I guess it all started at Miller’s, the gas station on the other side of town; these kids came in all hurried and frantic, knocking shit over and screaming, and one of them was bleeding, and they went nuts when the guy behind the counter didn’t dial 911 fast enough. They tore up the place, went to the Beak, tore that joint up too and sent the regulars at the bar running, and somewhere or the other, the power got knocked out to the whole town. That’s all she knew at that point. She didn’t know if it was the gang of kids, or from the damned storm. Either way, it was as dark as a mine shaft out there, and the town just kind of locked itself shut since nobody wanted to deal with all the racket. I don’t blame them one bit. I sure as shit wouldn’t want to tangle with a platoon of loaded coke heads.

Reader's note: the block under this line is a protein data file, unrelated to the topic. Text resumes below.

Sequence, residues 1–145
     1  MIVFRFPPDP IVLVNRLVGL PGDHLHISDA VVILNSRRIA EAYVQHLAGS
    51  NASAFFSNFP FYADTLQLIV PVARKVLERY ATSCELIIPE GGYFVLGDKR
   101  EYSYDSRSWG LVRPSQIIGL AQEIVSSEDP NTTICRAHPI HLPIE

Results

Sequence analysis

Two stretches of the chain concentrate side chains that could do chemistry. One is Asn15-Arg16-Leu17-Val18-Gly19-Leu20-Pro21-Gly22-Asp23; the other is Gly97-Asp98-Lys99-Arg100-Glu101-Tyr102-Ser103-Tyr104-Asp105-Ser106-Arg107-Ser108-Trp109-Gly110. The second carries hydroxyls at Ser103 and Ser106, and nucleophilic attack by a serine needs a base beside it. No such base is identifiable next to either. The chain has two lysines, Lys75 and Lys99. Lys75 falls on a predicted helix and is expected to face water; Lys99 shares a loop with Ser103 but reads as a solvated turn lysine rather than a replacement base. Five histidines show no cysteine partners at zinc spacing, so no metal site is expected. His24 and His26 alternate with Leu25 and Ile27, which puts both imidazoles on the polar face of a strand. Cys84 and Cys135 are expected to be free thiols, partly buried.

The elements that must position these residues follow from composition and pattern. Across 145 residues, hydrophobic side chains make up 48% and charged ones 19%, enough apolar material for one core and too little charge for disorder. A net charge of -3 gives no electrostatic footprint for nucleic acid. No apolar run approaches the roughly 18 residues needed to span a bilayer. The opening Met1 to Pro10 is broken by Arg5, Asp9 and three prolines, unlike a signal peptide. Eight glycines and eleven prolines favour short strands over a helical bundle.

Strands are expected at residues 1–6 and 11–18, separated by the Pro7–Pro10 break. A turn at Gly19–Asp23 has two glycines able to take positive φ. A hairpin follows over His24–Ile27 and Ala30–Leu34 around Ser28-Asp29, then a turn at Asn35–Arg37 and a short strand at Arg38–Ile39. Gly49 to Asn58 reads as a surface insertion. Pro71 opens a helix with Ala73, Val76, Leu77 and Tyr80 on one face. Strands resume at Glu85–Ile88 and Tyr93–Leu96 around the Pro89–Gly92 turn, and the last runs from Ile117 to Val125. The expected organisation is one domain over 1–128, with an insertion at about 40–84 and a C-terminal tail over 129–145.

Fuckers like that are so doped up that they don’t feel a thing. Punches and blows just bounce right off of them like nobody’s business. And you can’t reason with them. But that explained the lack of cops; I’m sure those cowboys had their hands full wrangling up all those rowdies. That made perfect sense. She went on about what her cousin had told her, and her cousin said that we should either head over to where she was staying with her family, or just up and head out of town and keep on moving. Either way, she wasn’t budging. And she said whatever we do, we should be quick about it. Sally said that her cousin emphasized the quick part. The cousin said she’d been hearing random gunshots up and down the town since nightfall, and everybody and their grandmothers were bottled up inside, holed up and waiting for the official word. Sally and I started to brainstorm our options, trying to stir up a proper game plan. Sandy Creek was the next town over, and we sure as shit weren’t driving 50 miles that way, not in that weather. And we really didn’t want to head back toward Harvey’s in the storm, so we figured we’d rough it out there in town for the night; we just hadn’t figured out the where just yet.